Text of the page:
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The Local Government Association (LGA) has highlighted that many local authorities are struggling to deliver support set out in SEND children’s Education, Health and Care Plans (ECHP) and has called for clarity regarding the relaxation of statutory provisions.

It comes following the passing of the Coronavirus Act which has allowed for temporarily easements relating to statutory provisions set out in ECHP.

According to the LGA, councils are encountering difficulties supporting SEND children and young people because of a strain on resources – a result of the combined impact of school closures, staff sickness and increased coronavirus demand.

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Now, councils are calling for clarity regarding the relaxation of statutory provisions as more local authorities face challenges from parents.

Cllr Judith Blake, Chair of the LGA’s Children and Young People Board, said: “In these difficult times, councils and their partners are trying to do all they can to support children with special educational needs and their families.

“With stretched resources and competing demands during the coronavirus crisis, this has become increasingly challenging and has made current statutory timeframes unrealistic to meet.”

Councils and their partners say they need greater flexibility to meet the needs of children with EHCPs and has appealed to the Department for Education to swiftly detail its definition of “reasonable endeavours” that take account of the pressure that councils say they are under.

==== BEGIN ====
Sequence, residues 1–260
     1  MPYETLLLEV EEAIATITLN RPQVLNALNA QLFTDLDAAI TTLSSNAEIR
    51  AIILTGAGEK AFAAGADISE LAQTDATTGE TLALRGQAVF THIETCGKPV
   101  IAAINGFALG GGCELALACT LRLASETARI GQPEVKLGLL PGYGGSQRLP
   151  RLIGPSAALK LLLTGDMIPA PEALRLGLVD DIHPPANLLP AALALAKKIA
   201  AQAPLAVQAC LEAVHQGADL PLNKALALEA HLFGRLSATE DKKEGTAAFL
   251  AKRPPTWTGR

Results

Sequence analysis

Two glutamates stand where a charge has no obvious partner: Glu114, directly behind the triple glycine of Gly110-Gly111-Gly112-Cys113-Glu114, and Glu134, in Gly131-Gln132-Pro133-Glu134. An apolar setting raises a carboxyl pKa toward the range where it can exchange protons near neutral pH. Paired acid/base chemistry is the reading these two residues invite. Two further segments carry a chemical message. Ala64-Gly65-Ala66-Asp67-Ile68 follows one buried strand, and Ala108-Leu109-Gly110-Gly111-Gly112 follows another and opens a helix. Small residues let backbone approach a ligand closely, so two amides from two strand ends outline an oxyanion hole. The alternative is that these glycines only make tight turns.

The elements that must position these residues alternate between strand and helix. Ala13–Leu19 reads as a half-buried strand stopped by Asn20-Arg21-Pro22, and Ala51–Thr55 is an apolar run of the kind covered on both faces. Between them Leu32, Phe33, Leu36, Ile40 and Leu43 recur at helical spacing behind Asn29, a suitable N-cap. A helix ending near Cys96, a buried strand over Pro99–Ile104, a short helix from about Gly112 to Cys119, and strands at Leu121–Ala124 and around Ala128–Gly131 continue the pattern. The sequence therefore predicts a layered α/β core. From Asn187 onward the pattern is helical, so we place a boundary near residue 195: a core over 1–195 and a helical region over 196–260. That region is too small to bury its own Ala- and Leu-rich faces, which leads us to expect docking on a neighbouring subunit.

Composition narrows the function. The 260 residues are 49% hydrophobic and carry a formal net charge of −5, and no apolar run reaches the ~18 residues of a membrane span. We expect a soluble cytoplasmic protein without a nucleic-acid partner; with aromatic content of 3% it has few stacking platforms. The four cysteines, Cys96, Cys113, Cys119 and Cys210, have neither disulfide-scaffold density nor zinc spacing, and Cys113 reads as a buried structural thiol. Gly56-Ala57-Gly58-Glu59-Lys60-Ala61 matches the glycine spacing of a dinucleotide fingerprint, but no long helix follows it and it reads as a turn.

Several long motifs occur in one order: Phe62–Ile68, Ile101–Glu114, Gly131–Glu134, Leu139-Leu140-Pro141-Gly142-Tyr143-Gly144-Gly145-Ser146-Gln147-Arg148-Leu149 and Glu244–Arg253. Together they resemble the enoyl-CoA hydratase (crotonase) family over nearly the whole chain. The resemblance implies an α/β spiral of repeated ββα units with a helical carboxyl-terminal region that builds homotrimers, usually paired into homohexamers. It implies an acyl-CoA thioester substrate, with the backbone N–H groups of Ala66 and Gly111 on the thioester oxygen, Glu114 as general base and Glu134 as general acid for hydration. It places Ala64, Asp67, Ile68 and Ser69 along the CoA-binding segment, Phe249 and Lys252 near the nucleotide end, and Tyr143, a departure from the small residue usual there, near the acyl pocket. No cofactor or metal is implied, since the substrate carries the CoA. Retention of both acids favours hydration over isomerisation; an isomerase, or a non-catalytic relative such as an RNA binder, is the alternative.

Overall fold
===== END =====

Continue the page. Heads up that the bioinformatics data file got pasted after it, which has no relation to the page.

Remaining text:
“It is vital that the Government urgently sets out the flexibility it intends to give councils so they can try and ensure all those on EHCPs continue to receive the best possible support,” added Cllr Blake.

The request for clarity of easements comes as several services for children with disabilities have been reduced or stopped as resources have been redeployed across the health and social care system.

In late April, the Chief Executives of CECOPS and Simple Stuff Works warned that NHS guidance to CCG bosses to stop lower and medium priority work relating to wheelchairs, prosthetics and other vital assistive technologies could have a highly damaging effect in the future.

The LGA says that councils are seeking a collaborative effort between themselves, government and parents to ensure there is a “common-sense approach to meeting the needs of special needs children during the coronavirus crisis. This may mean a child or young person’s provision may differ temporarily from what is set out in their EHCP.”

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